In days of yore when no Canadian had played a match by the first weekend in the main draw of a big tournament like the BNP Paribas Open in Indian Wells, it meant nobody had a high enough ranking to get direct entry or that no one had made it through the qualifying event.
Nowadays Canada’s top players aren’t even starting until the weekend as is the case with Félix Auger-Aliassime, Denis Shapovalov and Leylah Annie Fernandez at the 2022 BNP Paribas Open. With Auger-Aliassime ranked No. 9, Shapovalov No. 13 and Fernandez at No. 21, they are well within the 32 seeded players and receive byes, which means a later start in the tournament
That has been an incredible transformation in the last 10 years. Up to that point no Canadian man had ranked inside the top 40, and only Carling Bassett-Seguso (No. 8 in 1985), Helen Kelesi (No. 13 in 1989) and Aleksandra Wozniak (No. 21 in 2009) had broken the top-25 barrier among the women.
It has been a bonanza in the intervening years with Bianca Andreescu getting to No. 4 (2019), Genie Bouchard making it to No. 5 (2016) and Fernandez, just last month, ranking inside the Top 20 at No. 19. While among the men Milos Raonic reached No. 3 (2016), Auger-Aliassime No. 9 (2022), Shapovalov No. 10 (2020) and Vasek Pospisil No. 25 in (2014).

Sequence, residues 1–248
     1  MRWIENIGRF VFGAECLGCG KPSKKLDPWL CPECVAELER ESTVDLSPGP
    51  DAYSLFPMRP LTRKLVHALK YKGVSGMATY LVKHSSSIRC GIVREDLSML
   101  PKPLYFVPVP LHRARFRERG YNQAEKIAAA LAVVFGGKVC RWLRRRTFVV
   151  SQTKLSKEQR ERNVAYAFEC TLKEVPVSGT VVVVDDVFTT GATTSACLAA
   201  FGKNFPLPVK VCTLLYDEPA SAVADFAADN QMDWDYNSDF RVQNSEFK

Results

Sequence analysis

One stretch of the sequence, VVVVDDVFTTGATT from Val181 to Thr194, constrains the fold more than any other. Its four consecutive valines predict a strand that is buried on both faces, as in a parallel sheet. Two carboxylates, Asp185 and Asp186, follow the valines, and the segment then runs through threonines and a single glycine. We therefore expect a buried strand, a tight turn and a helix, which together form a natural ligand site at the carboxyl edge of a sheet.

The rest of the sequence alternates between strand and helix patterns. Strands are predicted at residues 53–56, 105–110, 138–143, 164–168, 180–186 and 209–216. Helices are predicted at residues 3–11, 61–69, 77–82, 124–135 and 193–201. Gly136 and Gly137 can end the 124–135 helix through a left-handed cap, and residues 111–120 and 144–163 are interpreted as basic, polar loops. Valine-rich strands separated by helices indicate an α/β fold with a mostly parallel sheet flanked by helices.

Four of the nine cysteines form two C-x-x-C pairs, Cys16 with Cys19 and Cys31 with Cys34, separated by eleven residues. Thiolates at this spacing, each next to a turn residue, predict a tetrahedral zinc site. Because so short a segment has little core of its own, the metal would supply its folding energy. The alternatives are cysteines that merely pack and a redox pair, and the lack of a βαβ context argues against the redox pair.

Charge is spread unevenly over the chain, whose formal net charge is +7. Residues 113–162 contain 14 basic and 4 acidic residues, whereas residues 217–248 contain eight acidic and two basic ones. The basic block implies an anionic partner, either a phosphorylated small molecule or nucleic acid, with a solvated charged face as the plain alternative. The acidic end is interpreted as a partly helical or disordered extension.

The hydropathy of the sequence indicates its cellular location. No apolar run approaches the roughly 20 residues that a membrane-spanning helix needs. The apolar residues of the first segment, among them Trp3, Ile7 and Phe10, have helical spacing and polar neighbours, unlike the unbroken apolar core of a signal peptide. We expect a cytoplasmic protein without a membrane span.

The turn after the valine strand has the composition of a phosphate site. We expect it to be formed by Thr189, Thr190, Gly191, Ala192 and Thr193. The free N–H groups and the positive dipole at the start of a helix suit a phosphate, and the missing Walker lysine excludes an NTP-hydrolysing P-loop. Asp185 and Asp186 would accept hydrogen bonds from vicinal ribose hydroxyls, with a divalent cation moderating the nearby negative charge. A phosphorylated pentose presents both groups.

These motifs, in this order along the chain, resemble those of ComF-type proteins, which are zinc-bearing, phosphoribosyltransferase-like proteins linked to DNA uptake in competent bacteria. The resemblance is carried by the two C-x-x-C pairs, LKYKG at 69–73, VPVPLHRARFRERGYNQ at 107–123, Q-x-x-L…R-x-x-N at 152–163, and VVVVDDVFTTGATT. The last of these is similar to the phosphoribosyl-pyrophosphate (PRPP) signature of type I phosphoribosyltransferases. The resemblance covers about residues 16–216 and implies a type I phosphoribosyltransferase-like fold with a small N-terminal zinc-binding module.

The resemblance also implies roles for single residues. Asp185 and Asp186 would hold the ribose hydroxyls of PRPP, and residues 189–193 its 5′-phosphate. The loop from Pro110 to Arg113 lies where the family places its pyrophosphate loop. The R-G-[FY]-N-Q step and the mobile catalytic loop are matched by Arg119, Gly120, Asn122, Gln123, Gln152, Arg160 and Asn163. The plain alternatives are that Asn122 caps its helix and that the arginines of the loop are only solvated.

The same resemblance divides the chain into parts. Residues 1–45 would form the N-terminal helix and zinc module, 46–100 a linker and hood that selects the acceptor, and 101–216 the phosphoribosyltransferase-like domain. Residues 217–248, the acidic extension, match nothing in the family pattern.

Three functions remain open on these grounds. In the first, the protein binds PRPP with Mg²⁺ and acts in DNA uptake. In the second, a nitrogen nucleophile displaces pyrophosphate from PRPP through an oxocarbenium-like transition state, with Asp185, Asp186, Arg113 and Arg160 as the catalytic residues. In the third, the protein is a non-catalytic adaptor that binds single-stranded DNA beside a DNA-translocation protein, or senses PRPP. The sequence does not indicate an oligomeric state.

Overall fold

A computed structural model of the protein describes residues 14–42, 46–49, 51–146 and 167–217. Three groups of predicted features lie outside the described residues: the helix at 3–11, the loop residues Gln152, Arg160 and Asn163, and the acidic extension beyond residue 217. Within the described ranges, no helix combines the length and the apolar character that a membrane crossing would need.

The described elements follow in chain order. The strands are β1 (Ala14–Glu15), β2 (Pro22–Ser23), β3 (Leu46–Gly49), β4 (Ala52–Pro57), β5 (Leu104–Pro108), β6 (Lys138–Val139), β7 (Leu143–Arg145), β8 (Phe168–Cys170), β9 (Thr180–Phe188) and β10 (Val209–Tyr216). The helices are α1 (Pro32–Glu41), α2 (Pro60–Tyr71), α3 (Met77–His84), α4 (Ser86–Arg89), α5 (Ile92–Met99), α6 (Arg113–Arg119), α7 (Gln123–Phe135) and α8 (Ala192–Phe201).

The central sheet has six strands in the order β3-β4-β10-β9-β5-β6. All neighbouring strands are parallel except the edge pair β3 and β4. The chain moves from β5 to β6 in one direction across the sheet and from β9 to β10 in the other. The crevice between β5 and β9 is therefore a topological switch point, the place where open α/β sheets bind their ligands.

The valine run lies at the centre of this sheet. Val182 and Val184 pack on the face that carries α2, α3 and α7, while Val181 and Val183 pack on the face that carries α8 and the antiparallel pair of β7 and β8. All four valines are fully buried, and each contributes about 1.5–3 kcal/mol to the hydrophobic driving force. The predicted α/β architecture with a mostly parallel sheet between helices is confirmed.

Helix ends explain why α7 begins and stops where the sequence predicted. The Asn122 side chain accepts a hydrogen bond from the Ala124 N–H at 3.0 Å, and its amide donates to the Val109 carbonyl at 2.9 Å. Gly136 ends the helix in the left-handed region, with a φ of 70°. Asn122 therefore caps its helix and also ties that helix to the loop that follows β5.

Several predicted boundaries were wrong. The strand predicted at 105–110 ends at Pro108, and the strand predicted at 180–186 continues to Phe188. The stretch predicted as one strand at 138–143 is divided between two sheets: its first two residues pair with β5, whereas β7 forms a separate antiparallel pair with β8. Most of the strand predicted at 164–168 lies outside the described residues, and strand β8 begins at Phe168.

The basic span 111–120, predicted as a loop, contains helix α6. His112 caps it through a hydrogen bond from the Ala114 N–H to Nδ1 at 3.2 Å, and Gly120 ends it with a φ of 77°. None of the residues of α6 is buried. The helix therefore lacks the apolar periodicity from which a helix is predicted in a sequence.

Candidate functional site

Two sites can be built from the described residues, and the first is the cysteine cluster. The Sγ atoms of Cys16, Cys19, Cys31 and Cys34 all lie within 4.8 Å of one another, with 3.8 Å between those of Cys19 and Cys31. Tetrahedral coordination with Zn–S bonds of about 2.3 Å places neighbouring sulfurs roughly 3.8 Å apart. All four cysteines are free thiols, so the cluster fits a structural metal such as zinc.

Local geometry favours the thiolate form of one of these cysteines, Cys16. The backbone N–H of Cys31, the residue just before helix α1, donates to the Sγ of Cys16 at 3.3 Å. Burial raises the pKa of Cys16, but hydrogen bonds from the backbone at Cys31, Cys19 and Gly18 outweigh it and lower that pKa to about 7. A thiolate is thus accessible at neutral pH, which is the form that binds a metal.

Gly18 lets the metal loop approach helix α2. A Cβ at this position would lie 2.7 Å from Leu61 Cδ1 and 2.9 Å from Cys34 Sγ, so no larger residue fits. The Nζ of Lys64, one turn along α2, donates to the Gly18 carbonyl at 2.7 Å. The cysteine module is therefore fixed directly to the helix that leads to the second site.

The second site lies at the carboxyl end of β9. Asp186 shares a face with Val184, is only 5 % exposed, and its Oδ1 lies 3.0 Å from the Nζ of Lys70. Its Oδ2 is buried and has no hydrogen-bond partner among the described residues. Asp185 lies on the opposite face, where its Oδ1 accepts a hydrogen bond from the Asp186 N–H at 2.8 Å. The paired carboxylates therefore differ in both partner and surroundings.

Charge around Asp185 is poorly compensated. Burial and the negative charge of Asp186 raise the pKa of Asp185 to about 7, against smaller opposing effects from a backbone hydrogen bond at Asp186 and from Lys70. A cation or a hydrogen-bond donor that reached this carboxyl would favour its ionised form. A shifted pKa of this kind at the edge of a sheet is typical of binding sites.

It will be difficult this year for any of Fernandez, Auger-Aliassime or Shapovalov to equal the best Canadian results at Indian Wells because Andreescu won the title (Angelique Kerber) in 2019 and Raonic finished as runner-up to Novak Djokovic in 2016.
After a disappointing fourth-round 2-6, 6-1, 7-6(4) loss to Shelby Rogers in the California desert last October (her first event after being a US Open finalist), Fernandez will be hoping to do better but faces some potentially stiff opposition early – beginning with Amanda Anisimova of the U.S. on Saturday. This first meeting between the two players was set up by the No. 43-ranked American’s 6-2, 6-2 victory over No. 200-ranked compatriot Emma Navarro on Thursday night.